Last week, facebook announced that it had given its website, largely written in a programming language called php, a programming equivalent of a face lift. They also made a splash in the web development industry by releasing a new web programming language called Hack to the open source community. Hack is based on the php, but claims to keep “all the good parts” while removing some of its limitations. Since Facebook has been converting it’s legacy php to hack for some time now, you can trust that hack can stand up to the highest expectations, and that Facebook clearly has a lot of faith in the strength of the language.
Strengths (and Weaknesses) of PHP
PHP was designed to solve “The Web Problem,”or the challenges inherent in the creation of dynamically generated applications and pages on the Internet. Unlike most programming languages, PHP was designed to function within the challenges of Internet development, which include statelessness, heterogeneousness, typelessness, and the short shelf life of transactions. In those types of conditions, you want a “loosely typed” language like php.
“Loosely typed” refers to how you declare variables, and means that you don’t have to specify what type of data that will be stored in a variable when it is created. This allows you to plan less up front and code faster. This works great in protoyping situations that facebook favors, but has led to the notion that PHP is useful only in a prototyping capacity: that it’s easy to build an application quickly but challenging to build an application quickly and maintain it as it grows.
This was facebook’s challenge. With facebooks millions of pages and global reach, writing sound php code was getting unwieldy, and it became apparent that there were benefits a more strongly typed language (type defined variables) could provide in terms of stability. Facebook is a huge proponent of the hacker culture, favoring slaping something together fast and dirty so they can focus on the innovation, but were hitting a wall. Instead of risking a complicated rewrite of the social media platform, They built hack to be like php but with the option to strongly type variables or loosely type them, without changing the feel of the language.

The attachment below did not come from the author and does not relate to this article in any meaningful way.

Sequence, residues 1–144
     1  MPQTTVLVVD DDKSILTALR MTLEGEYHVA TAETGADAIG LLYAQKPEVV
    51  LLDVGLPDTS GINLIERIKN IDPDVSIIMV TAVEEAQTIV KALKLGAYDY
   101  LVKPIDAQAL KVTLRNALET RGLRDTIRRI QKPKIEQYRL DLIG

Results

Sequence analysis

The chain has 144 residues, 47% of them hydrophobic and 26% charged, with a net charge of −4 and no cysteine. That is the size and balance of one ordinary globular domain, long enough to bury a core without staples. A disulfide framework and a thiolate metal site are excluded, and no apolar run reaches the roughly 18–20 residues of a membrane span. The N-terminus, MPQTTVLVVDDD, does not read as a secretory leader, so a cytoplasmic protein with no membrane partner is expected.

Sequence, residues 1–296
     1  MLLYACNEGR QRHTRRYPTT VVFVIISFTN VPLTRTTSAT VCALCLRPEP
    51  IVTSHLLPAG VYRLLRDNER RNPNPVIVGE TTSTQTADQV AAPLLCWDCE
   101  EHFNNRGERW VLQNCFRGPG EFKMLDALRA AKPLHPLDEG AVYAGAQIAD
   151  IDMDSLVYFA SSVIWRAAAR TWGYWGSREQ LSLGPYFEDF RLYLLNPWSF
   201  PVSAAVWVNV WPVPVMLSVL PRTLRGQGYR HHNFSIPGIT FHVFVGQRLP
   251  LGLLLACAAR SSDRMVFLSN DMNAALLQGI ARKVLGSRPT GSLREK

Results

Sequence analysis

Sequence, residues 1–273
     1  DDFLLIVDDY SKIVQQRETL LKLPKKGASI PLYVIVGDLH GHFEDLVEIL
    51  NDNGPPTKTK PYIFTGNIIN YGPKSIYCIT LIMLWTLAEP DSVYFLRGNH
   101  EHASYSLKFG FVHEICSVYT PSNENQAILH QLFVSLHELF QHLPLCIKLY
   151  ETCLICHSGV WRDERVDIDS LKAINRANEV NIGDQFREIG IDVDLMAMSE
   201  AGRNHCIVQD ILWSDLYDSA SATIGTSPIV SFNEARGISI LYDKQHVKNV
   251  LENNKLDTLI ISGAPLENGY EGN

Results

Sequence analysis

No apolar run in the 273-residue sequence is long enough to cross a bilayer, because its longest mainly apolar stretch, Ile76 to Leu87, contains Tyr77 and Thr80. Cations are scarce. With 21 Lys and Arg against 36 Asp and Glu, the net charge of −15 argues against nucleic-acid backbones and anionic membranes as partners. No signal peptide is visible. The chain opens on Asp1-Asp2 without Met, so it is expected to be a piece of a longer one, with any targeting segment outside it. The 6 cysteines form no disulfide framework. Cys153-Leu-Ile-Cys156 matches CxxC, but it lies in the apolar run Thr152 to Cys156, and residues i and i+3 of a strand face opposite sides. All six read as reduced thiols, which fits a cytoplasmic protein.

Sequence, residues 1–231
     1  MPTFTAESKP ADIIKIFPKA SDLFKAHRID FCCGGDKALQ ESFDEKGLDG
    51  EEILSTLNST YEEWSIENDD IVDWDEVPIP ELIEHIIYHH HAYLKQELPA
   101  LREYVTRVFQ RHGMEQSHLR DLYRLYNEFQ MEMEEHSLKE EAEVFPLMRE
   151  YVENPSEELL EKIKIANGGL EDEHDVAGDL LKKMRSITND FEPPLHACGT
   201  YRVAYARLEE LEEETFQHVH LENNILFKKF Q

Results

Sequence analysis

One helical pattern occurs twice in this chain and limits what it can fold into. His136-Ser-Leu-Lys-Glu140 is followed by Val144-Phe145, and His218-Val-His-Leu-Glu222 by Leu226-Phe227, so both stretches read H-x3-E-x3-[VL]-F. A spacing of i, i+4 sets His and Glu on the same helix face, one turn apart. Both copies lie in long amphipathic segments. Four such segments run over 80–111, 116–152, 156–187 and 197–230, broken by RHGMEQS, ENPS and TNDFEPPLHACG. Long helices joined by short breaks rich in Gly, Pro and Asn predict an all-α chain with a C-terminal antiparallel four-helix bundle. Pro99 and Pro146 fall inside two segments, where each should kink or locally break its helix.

Hack, the Best of Both Worlds
You can think of Hack as a new version of PHP. It lets coders use both dynamic typing and static typing. This is what’s called gradual typing, and until now, it has mostly been an academic exercise. Facebook, O’Sullivan says, is the first to bring gradual typing to a “real, industrial strength” language.
What this means is that Facebook was able to gradually replace its existing PHP code with Hack — move from the old dynamically typed system to a statically typed arrangement. “It allows you to slide the dial yourself on the continuum between dynamic types and statics — so you can start out with dynamically typed code and then gradually add more statically typed code, benefiting from each little bit of work you do as you go along,” says Bryan O’Sullivan, one of the three facebook engineers that built Hack.
Will Hack Shift the Web Development Paradigm?
PHP be has typically been criticized by developers in other programming languages as “sloppy, inconsistent code.” With the ability to define as much as you want, this may encourage more people to use Hack than PHP. If more gradually typed languages begin to emerge, it will be better for developers who will be able to create and test faster, while also being better for their users, who will have a more stable, less buggy application. I want to try it out!